The book has 29 families of flies. (He includes mosquitoes and midges.
"The most distinguishing characteristic for these insects is a pair of well-developed forewings and hindwings (halteres) reduced to stubs.")Most of us probably can distinguish 'flies' from 'mosquitoes', but now we have 27 more different specific families. And then each family can be broken down - though he doesn't do that for most. You can see, though, how the more you know, the more you realize how much you don't know. And if you're honest with yourself, you'll realize that what you don't know dwarfs what you do know. And this should lead to humility.
Going through the pictures, I decided the deer fly seemed the most likely. Especially this:
"These . . . flies have gold and green metallic eyes . . ."So I googled deer fly (family Tabanidae).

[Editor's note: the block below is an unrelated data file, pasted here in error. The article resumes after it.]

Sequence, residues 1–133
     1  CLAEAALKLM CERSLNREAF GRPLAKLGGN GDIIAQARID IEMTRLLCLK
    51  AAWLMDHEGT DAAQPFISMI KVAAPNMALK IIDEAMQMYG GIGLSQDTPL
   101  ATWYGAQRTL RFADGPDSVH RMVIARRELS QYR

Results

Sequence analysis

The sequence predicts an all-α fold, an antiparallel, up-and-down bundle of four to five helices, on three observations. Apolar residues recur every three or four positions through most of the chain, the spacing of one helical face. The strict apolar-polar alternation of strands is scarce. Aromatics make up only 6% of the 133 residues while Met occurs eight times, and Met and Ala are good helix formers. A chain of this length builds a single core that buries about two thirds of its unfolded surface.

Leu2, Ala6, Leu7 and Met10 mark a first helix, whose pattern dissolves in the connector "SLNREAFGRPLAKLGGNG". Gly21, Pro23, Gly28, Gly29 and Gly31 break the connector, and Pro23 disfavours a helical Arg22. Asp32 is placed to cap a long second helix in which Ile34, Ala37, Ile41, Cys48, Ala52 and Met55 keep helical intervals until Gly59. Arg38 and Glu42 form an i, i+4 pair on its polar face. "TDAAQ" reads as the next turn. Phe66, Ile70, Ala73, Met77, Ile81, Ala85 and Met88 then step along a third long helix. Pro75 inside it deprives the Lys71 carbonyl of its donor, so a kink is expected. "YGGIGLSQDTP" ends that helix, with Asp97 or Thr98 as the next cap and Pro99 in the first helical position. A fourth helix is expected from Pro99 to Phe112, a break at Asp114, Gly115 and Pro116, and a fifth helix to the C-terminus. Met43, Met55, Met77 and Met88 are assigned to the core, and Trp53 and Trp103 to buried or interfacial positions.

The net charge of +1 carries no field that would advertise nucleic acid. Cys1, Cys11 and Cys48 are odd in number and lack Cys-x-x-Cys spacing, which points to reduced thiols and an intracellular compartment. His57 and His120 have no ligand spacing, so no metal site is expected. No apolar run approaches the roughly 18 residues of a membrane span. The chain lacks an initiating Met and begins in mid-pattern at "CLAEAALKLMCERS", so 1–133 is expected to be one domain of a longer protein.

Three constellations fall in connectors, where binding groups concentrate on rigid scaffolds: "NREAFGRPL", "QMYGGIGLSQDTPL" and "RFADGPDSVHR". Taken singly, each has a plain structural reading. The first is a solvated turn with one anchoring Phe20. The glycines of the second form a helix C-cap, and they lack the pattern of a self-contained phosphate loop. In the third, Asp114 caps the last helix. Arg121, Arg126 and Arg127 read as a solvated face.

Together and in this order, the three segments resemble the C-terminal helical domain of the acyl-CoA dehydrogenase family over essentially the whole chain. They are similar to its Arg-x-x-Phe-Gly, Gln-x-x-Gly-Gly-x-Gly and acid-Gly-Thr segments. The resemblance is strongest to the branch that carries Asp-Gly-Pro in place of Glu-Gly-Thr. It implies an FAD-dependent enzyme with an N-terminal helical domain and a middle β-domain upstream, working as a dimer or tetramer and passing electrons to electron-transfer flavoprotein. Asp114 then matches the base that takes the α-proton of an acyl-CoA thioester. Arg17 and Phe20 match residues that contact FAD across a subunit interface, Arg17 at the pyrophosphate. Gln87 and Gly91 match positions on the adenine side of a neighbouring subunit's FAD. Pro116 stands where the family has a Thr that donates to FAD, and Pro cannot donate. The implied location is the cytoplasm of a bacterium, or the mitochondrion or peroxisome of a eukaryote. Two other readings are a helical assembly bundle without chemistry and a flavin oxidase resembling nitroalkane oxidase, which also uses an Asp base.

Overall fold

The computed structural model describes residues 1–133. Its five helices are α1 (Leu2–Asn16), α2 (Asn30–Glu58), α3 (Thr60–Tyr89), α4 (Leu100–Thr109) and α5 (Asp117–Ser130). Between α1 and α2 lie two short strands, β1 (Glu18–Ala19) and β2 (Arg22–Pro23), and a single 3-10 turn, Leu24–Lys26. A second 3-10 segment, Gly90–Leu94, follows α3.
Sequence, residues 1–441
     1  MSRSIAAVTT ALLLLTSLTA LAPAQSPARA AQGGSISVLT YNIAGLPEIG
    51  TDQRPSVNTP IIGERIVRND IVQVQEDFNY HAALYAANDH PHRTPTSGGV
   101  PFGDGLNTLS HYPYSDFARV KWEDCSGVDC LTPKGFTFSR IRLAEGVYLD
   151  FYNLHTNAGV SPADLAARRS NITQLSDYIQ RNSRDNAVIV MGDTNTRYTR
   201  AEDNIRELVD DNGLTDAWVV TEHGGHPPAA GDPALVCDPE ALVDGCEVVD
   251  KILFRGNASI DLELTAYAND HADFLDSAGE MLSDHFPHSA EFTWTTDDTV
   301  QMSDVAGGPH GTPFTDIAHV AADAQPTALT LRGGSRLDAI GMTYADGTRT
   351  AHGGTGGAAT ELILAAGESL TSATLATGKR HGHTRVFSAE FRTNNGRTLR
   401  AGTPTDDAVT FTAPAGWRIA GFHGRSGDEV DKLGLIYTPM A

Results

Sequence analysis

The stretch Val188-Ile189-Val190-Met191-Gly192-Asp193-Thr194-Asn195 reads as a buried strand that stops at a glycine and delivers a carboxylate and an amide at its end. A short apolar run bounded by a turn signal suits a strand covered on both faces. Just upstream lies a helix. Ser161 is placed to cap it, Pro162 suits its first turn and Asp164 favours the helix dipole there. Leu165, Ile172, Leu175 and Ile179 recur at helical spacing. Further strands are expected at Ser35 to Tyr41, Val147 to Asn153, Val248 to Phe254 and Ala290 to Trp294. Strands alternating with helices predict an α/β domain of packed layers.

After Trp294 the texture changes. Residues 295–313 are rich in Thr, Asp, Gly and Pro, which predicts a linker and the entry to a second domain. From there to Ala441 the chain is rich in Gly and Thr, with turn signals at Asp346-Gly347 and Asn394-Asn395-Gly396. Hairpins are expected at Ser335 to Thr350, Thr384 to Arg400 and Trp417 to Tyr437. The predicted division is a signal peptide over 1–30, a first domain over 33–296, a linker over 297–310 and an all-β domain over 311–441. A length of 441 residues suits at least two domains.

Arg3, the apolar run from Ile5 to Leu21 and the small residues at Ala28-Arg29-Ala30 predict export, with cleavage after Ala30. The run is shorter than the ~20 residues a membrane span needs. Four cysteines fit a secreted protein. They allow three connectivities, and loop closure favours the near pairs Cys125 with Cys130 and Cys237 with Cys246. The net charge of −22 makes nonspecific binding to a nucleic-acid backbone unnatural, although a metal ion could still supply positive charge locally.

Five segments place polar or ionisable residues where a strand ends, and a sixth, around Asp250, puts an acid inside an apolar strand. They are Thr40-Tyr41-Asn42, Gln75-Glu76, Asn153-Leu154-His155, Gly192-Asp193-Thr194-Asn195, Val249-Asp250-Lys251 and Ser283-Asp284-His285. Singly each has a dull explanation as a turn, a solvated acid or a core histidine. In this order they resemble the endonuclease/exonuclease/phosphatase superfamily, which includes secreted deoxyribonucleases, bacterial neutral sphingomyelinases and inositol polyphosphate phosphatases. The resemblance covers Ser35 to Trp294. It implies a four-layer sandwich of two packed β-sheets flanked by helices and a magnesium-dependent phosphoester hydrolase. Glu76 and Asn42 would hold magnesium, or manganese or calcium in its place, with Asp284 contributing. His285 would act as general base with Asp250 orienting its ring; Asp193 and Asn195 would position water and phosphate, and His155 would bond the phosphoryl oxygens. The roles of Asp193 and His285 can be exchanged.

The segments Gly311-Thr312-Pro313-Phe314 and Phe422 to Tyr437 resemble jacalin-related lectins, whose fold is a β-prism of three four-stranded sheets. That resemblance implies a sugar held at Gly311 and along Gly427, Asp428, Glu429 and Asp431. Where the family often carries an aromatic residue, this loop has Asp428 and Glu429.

Bugguide offers a lot more detail. [my comments in brackets below]
"Medium to large flies, females take blood, and some are pests. Typical characteristics:
stoutly built flies with large squamae (scales above the halteres, also called calypters);
[It is stout. I'm not positive about the squamae. If you click the links to halteres it tells you
"calypter noun - a small membranous flap at the base of the hind edge of the wing in some flies; it covers the halteres."but I can't tell from the pictures they provide and this one I took. There is a lump at about where the wing comes in.]
feet with 3 pads (as opposed to 2); [My picture doesn't show the foot pads]
3rd antennal segment elongated, clearly made up of several fused parts; [???]
3rd antennal segment with a prominent tooth at base in some groups [????]
wing veins R4 and R5 fork to form a large 'Y' across the wing tip." [Yes! you can see the Y pattern of the veins on the wing. Look at the tip of the wing on the left.]
So, I'm not certain, but at this point I'm tentatively identifying this as a deer fly until I get more evidence one way or the other.